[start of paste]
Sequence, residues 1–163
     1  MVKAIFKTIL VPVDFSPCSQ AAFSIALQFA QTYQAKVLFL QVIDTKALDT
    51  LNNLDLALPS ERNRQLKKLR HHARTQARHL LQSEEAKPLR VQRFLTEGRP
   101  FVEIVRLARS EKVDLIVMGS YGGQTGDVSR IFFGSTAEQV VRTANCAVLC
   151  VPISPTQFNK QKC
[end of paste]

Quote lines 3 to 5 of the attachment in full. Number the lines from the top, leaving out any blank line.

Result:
    51  LNNLDLALPS ERNRQLKKLR HHARTQARHL LQSEEAKPLR VQRFLTEGRP
   101  FVEIVRLARS EKVDLIVMGS YGGQTGDVSR IFFGSTAEQV VRTANCAVLC
   151  VPISPTQFNK QKC